Hard as it is to believe, we’re only a couple weeks away from school and September weather, which means it’s time to start thinking about indoor activities. One indoor activity to think about is bowling, and Lazy Loon Lanes has a Youth Bowling League for kids around the county.
“There’s a lot of different tournaments out there for kids and their skill and age don’t matter,” said Tammy Lueck, one of Lazy Loon Lanes’ owners.
Youth Bowling has been around since before Lueck and her husband purchased the bowling alley. The League operates like any sports league, with tournaments, teams, and conferences around the state. The leagues around the state are also sanctioned, allowing participants to ear scholarships through their time with the league.
“My son, he just started bowling last year at 18, and he just bowled in his adult league and got a $200 scholarship,” said Lueck. “And depending on where the kids end up, they can earn scholarships for any kind of post-secondary education for them.”
The scholarships given out by the leagues in Minnesota average out to about $22,000 a year, meaning many children in the program receive scholarships. Bowling leagues are also one of the few programs that allow scholarships to be given to children as young as five, which is very helpful if the child eventually wants to attend college. Even if they don’t, though, it’s still a fun program for them to enjoy throughout their childhood.
Despite the scholarship opportunities, though, Lueck said that Youth Bowling hasn’t seen as many people signing up in recent years. In fact, most of the sign-ups over the years have been the same bunch of kids, which Lueck finds unfortunate for all young bowlers, especially high schoolers.
“Up until a couple years ago, [Norwood] had a high school team up in different locations, and what happened is bowling alleys and interest in them backed out,” she said. “So now we can’t get enough interest in our high school teams to have a local conference, which means if Norwood kids would like to join high school bowling, they’d have to join a conference far away.”
Lueck is hoping that between the Youth Bowling League and some community outreach that a conference will eventually pop back up in Carver County so it’s closer to the kids interested. Though kids can join different conferences, such as Lueck’s children joining Shakopee’s conference, the traveling can be difficult for all involved. And Lueck, if the conference started back up, would welcome teams from Glencoe and Cologne in order to keep it up.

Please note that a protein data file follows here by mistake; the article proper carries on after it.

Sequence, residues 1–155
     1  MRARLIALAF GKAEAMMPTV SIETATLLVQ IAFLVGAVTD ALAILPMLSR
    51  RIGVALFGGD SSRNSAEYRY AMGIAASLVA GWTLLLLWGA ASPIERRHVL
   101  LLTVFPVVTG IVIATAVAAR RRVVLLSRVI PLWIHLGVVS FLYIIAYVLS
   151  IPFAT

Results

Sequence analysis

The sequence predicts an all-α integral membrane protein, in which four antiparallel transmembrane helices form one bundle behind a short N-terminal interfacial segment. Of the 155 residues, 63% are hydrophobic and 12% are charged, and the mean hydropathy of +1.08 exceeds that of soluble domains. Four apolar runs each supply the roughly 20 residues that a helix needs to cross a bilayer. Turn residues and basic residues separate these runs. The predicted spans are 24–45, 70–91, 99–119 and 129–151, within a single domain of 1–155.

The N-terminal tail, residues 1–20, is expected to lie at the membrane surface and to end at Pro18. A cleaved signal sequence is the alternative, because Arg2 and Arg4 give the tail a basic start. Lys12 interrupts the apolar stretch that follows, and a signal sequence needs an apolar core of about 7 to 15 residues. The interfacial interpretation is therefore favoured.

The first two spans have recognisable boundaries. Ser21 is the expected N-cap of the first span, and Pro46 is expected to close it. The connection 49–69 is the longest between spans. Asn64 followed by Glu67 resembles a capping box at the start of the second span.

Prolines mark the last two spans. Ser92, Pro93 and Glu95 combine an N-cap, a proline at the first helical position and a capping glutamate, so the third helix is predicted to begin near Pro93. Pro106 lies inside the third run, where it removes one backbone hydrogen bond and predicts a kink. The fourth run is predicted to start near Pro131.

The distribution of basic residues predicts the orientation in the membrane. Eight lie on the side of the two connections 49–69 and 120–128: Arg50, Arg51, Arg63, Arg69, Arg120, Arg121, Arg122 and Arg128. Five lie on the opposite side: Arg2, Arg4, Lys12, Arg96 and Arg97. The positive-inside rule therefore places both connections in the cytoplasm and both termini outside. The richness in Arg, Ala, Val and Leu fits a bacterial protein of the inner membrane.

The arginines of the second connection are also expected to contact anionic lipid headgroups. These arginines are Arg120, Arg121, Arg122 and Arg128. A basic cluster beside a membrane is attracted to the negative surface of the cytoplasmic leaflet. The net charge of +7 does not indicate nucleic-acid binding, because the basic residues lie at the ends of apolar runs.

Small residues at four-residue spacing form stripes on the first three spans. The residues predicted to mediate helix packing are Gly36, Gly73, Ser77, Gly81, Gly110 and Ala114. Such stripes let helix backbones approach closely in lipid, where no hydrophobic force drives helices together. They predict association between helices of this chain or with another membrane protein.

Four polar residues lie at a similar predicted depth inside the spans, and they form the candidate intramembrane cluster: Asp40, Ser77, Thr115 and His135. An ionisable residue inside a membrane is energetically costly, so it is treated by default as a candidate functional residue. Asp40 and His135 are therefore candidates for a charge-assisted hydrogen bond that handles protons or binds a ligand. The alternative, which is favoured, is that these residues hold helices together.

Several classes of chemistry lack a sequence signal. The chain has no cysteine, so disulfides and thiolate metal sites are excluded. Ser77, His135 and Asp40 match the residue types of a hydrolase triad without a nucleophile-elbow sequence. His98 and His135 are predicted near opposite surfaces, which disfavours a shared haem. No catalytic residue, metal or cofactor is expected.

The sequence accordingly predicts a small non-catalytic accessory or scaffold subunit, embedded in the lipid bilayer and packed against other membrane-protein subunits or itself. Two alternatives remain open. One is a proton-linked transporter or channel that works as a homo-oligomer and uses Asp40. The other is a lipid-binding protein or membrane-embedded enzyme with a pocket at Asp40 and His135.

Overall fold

Trying to reach the kids has been difficult, according to Lueck. Last year, for example, she handed out flyers at every school in the area and she didn’t get a single new student in the league. Waconia High School has had a Physical Education program that covers more activities outside of the school, and has approached Lueck for a couple sessions, but she would happily welcome more schools coming in with the opportunity as well. Otherwise, the league has currently been the same group every year.
And so far, to her, the biggest benefit for the kids in these leagues is the team play.
“Most of the kids join up with their friends, and it’s just a good way for them to spend time together,” she said.
The Youth Bowling League will feature at least two sessions for the year, and more if enough people sign up. The first starts on September 14 and goes until December 14. The second begins January 11 and ends April 4. Each session is $125, and the kids are not required to purchase their own shoes or bowling ball. For those interested in the September session, a registration event is taking place during Stiftungsfest on August 22 during Family Night from 5-8pm. Otherwise, the Lazy Loon Brewery will also have an event on August 27 from 1-3pm in its parking lot. For any questions regarding the league and signing up, contact Lueck at email@example.com.